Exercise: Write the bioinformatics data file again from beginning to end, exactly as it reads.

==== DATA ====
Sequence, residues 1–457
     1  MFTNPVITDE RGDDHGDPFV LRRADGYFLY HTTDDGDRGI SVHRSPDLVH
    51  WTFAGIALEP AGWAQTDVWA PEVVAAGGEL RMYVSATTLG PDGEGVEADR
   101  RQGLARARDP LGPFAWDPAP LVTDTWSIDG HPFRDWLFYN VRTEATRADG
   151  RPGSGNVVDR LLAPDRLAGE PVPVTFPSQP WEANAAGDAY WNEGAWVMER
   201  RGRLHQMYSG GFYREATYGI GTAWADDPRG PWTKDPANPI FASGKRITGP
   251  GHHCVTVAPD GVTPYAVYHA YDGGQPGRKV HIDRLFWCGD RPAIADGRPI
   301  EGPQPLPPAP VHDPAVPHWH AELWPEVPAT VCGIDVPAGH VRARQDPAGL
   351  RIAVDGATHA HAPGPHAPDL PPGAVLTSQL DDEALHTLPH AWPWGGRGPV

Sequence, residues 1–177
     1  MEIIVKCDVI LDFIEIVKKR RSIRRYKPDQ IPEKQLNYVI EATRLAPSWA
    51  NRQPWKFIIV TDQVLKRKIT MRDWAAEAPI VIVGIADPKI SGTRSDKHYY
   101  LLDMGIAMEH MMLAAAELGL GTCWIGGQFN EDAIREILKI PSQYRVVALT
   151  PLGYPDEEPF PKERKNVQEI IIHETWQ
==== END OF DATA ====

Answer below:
Sequence, residues 1–457
     1  MFTNPVITDE RGDDHGDPFV LRRADGYFLY HTTDDGDRGI SVHRSPDLVH
    51  WTFAGIALEP AGWAQTDVWA PEVVAAGGEL RMYVSATTLG PDGEGVEADR
   101  RQGLARARDP LGPFAWDPAP LVTDTWSIDG HPFRDWLFYN VRTEATRADG
   151  RPGSGNVVDR LLAPDRLAGE PVPVTFPSQP WEANAAGDAY WNEGAWVMER
   201  RGRLHQMYSG GFYREATYGI GTAWADDPRG PWTKDPANPI FASGKRITGP
   251  GHHCVTVAPD GVTPYAVYHA YDGGQPGRKV HIDRLFWCGD RPAIADGRPI
   301  EGPQPLPPAP VHDPAVPHWH AELWPEVPAT VCGIDVPAGH VRARQDPAGL
   351  RIAVDGATHA HAPGPHAPDL PPGAVLTSQL DDEALHTLPH AWPWGGRGPV

Sequence, residues 1–177
     1  MEIIVKCDVI LDFIEIVKKR RSIRRYKPDQ IPEKQLNYVI EATRLAPSWA
    51  NRQPWKFIIV TDQVLKRKIT MRDWAAEAPI VIVGIADPKI SGTRSDKHYY
   101  LLDMGIAMEH MMLAAAELGL GTCWIGGQFN EDAIREILKI PSQYRVVALT
   151  PLGYPDEEPF PKERKNVQEI IIHETWQ